The n−th triangular number is given by . how can one find all integers n for which the sum of the (n − 1)−st, the n−th,
and the (n + 1)−st triangular numbers is a square?
Google told me to look in the papers:
Triangular Numbers and Perfect Squares
Tom Beldon and Tony Gardiner
The Mathematical Gazette
Vol. 86, No. 507 (Nov., 2002), pp. 423-431
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88.53 Comments on 'Triangular Numbers and Perfect Squares'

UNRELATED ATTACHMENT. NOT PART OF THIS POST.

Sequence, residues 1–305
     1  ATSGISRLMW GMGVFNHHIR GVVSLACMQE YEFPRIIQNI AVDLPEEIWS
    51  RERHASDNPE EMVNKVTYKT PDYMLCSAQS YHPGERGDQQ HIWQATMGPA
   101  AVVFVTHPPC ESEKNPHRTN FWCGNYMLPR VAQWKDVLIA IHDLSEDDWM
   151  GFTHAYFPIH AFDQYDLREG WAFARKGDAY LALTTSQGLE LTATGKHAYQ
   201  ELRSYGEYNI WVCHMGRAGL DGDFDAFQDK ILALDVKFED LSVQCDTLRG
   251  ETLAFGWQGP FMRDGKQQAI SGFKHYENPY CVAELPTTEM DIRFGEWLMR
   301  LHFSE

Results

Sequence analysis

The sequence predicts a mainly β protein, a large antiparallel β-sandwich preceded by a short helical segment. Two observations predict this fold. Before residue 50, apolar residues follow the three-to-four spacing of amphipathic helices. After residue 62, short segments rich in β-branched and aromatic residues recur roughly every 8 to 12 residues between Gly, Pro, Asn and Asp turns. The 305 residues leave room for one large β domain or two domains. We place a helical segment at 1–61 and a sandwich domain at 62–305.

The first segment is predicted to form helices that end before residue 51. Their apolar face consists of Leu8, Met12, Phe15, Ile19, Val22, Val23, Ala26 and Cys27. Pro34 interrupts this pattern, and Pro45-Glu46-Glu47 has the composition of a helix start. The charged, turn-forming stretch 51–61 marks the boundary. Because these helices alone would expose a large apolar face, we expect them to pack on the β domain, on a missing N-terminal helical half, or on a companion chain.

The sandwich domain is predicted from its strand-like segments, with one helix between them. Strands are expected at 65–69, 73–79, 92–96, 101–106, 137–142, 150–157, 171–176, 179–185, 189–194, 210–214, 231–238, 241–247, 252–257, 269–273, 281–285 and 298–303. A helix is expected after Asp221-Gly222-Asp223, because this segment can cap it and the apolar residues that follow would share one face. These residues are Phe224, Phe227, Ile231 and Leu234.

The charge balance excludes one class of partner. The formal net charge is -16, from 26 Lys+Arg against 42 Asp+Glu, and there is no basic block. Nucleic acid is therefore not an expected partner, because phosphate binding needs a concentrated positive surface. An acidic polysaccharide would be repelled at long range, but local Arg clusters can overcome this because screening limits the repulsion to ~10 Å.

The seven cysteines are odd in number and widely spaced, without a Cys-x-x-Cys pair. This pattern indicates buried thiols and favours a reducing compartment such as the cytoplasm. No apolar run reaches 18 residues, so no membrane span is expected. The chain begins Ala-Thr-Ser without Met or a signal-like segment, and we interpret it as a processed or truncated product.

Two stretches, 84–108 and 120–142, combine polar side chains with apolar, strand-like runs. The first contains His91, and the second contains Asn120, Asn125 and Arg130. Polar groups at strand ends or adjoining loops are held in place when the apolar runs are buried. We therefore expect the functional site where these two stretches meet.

Michael D. Hirschhorn
The Mathematical Gazette
Year, volume, issue, and the page range: Vol. 88, No. 513 (Nov., 2004), pp. 500-503
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We have
Now multiply by and add and subtract 9 to get
Let and multiply both sides by to get
By letting we see we have which is almost Pell's Equation.
Luckily though this is solved similarly. I won't solve it, but here for reference on how to solve it (look for the part about solving ).